The clear Bible message is this: (1) Jesus is "the Lamb of God who takes away the sin of the world" (John 1:29); (2) "[This] is a trustworthy statement, deserving full acceptance, that Christ Jesus came into the world to save sinners" (1 Tim. 1:15); (3) "You shall call His name Jesus, for it is He who will save His people from their sins" (Matt. 1:21); and (4) He "gave Himself for us that He might redeem us from every lawless deed and purify for Himself a people for His own possession, zealous for good deeds" (Titus 2:14)."
- Wayne Mack, "Instilling Hope in the Counselee", Counseling: How to Counsel Biblically (with John Macarthur), p. 126-7. [] brackets mine.


Part II - Guest Post from Susan Lawrence's "Pure Emotion"

Thanks to those who participated in the give-away last week! I sent out three books yesterday, and have a couple more to give out, so it's not too late to enter. Just mention this blog on your own, link back, and send me your address (by e-mail). If you don't have a blogspot, Facebook is fine. :) As you work through the study, you might want to review it online or post about something in it which has inspired you (I'm sure Susan will appreciate the comments!)

Here is Part II of her excerpt:

The Emotional Experience

Part 2

When I was in high school, someone gave me a pin-on button that said “Moody, but cute.” I liked the cute part. But moody? I was a happy-go-lucky person. Or so I thought. When I started thinking about it, I had to admit…yep, I’m moody, too. In fact, I was more certain of my moodiness than my cuteness! I guess I didn’t notice my moodiness much because it was just the way I experienced life – different emotions for different moments. My emotions made sense to me. In fact, they helped me make sense of the world. Taking a step back, I decided I had a lot to learn because, to be quite honest, my emotions weren’t always appropriate. They often poked out all over the place, spearing the people around me.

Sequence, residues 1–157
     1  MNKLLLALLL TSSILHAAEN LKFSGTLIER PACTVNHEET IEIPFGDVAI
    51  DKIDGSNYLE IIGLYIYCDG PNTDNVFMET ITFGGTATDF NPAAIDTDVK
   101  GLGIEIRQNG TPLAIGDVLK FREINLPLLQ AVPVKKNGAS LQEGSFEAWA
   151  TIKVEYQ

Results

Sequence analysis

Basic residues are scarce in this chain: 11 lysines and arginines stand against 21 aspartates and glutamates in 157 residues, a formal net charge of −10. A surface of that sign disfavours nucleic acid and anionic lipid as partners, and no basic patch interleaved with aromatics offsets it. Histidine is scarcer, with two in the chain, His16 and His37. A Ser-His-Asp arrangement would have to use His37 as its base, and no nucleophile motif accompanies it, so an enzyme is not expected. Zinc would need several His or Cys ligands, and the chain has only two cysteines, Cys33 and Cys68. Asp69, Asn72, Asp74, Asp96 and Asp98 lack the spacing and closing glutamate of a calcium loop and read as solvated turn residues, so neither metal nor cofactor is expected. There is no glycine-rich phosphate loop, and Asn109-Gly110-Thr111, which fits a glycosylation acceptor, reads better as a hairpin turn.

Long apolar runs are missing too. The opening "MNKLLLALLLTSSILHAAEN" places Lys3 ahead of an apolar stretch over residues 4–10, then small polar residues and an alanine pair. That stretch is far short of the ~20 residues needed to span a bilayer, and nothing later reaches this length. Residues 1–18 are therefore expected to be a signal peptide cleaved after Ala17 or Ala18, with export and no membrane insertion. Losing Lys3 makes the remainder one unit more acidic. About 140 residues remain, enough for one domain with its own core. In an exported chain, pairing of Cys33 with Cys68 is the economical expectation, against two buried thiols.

I learned early that being emotional was “normal.” I don’t know if it was because I was raised in a family of girls (and I was the youngest), but emotions were expected and accepted. Well, perhaps not always accepted, but the variety of emotions didn’t seem to take anyone by surprise. If the emotion was negative, the offender was often ignored. I remember many pity parties the family refused to join in. Oh, not necessarily my own (although I had my fair share!).

And then there have been my aha emotional moments, particularly when my emotions haven’t matched someone else’s in a situation – whether the intensity or the emotion itself differed. One person was angry while I was joyful. I was frustrated when someone else was peaceful. The differences in and of themselves caused tension at times. Like when my family was on vacation in Florida…

I was around five years old and heard my parents talking about a toll bridge. Except I didn’t hear “toll bridge.” I heard “troll bridge” – and I was scared.

Being scared quickly escalated to petrified when my sisters – on either side of me in the backseat – began sharing troll stories. I was scared enough just thinking of the trolls in Three Billy Goats Gruff, and those were drawings. When my sisters started describing the menacing, vengeful trolls of their twisted imaginations, I couldn’t take it any longer. We had to cross the toll bridge, but I didn’t have to look. I crouched on the floorboard and tried to slide as far under the seat as possible.

The trolls didn’t get me, and my now apparent fear got my mom’s attention. She reprimanded my sisters, but it didn’t do much good. They’d seen the fear in my eyes, and they were going to carry this as far as they could.